Can you feel it?: how and when leader passion impacts follower performance

Thumbnail Image
Journal Title
Journal ISSN
Volume Title
University of Alabama Libraries

Despite popular opinion that passion is a necessary ingredient for leadership, scholars have little insight into how, when, or even if leader passion impacts follower outcomes. I therefore make several contributions towards increasing scholarly understanding in this area. First, I reviewed existing definitions and measures of passion relevant to the workplace and provided a new, more comprehensive definition of work passion that conceptually differentiates it from related constructs. I also used socioanalytic theory to distinguish between felt work passion, which contains affective and cognitive elements, and displayed work passion, which contains behavioral elements. Second, in order to better align theory and measurement, I developed and validated new measures of felt (self-report) and displayed (other-report) work passion in two samples of working adults. The scales showed good convergent validity with other measures of work-related passion, somewhat concerning discriminant validity with job attitudes such as engagement and job satisfaction, and evidence of criterion validity with leader-member exchange. Third, I integrated social cognitive theory with theories of emotion, motive, and goal contagion to conduct an initial test of a multilevel moderated mediation model of how leader felt and displayed work passion influence follower felt work passion and performance, contingent on the emotional intelligence of both leaders and followers. In a sample of leaders and followers employed by a staffing agency, although I did not find support for my hypotheses, analysis suggested that leader displayed passion may interact with follower characteristics to predict follower outcomes.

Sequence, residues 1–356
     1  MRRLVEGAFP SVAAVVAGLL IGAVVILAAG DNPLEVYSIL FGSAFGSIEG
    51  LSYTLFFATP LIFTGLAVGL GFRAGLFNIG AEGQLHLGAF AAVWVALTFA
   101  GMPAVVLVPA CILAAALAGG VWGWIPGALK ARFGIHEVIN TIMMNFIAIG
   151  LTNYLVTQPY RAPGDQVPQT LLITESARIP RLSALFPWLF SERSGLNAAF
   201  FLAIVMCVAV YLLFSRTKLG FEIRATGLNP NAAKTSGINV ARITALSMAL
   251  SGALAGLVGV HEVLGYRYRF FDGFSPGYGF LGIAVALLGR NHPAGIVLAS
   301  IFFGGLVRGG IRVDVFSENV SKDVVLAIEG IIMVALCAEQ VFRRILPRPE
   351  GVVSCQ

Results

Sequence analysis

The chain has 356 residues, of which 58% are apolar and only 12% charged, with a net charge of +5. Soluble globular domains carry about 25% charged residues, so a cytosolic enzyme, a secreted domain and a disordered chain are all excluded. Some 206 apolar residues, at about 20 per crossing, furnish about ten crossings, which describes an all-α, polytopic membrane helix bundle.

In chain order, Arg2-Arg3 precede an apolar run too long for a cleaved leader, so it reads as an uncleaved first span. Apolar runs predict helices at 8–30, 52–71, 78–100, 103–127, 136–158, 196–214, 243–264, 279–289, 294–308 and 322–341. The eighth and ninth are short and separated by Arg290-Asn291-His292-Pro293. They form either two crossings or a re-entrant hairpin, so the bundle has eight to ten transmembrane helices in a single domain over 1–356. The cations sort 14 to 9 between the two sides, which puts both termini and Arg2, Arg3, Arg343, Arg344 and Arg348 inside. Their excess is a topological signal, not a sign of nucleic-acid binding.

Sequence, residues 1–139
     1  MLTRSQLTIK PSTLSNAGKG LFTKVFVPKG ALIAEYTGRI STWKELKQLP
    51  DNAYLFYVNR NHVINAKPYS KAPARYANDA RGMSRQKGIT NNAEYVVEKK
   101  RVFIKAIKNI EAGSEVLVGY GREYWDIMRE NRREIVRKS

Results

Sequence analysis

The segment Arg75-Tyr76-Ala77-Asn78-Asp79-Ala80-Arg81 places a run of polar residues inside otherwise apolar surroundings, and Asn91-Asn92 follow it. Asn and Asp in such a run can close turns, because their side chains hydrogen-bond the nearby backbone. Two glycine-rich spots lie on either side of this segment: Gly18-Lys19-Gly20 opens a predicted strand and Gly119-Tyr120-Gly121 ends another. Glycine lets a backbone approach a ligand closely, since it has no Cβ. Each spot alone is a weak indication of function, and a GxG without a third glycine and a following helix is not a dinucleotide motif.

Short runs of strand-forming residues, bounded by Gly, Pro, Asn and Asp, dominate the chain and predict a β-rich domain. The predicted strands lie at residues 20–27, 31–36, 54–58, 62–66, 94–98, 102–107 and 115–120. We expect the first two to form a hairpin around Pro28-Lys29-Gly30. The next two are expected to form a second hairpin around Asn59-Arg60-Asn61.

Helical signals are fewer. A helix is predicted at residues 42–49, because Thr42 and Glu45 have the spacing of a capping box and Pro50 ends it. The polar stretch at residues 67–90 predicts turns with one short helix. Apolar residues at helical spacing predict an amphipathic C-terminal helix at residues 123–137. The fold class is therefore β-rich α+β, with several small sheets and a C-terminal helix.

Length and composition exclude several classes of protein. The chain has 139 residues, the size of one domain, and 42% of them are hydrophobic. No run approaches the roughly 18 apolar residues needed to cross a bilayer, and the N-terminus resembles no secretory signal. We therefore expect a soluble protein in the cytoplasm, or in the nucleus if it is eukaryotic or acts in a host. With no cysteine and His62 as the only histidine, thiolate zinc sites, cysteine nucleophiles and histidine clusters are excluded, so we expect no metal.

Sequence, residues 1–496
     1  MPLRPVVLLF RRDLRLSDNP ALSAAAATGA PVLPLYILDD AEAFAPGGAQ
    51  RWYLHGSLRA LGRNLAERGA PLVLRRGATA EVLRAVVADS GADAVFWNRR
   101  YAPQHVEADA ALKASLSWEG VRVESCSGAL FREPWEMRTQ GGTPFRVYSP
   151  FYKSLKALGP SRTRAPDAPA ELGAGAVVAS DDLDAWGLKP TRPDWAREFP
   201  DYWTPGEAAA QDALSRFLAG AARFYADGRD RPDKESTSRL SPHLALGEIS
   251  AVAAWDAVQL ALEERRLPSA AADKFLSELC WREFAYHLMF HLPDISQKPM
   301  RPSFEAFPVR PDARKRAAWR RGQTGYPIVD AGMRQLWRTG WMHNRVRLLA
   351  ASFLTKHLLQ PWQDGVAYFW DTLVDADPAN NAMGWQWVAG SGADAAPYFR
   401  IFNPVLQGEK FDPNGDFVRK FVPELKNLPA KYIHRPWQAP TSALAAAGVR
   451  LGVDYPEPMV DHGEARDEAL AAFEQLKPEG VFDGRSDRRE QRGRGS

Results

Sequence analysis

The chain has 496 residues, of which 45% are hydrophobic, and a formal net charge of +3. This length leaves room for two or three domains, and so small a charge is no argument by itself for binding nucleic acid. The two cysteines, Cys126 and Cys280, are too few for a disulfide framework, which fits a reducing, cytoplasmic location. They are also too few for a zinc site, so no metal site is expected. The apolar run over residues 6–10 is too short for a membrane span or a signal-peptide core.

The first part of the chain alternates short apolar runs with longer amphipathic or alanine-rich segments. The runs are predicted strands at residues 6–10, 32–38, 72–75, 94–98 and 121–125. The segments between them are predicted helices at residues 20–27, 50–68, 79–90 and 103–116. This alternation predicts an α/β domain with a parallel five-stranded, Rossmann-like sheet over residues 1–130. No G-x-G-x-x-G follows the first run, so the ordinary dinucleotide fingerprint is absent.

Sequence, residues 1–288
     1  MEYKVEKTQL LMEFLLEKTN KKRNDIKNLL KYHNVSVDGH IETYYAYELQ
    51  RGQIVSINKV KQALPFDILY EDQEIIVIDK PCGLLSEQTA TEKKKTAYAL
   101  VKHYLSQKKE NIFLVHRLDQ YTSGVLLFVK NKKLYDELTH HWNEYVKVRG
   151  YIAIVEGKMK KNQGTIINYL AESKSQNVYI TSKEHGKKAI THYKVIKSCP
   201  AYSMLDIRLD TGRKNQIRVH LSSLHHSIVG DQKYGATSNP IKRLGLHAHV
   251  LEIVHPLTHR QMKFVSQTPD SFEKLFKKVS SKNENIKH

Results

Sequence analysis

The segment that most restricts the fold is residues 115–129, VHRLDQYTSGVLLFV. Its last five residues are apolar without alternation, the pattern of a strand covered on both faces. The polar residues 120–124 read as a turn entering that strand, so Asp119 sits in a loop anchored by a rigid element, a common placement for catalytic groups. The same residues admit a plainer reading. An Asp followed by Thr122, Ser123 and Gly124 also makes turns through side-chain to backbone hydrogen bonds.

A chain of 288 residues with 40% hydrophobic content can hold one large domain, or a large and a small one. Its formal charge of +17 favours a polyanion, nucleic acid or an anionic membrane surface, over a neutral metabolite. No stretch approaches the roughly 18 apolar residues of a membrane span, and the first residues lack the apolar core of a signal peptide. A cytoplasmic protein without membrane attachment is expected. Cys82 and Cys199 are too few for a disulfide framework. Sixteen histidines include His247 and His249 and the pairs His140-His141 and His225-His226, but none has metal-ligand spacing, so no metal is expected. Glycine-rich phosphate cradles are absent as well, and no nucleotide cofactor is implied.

Electronic Thesis or Dissertation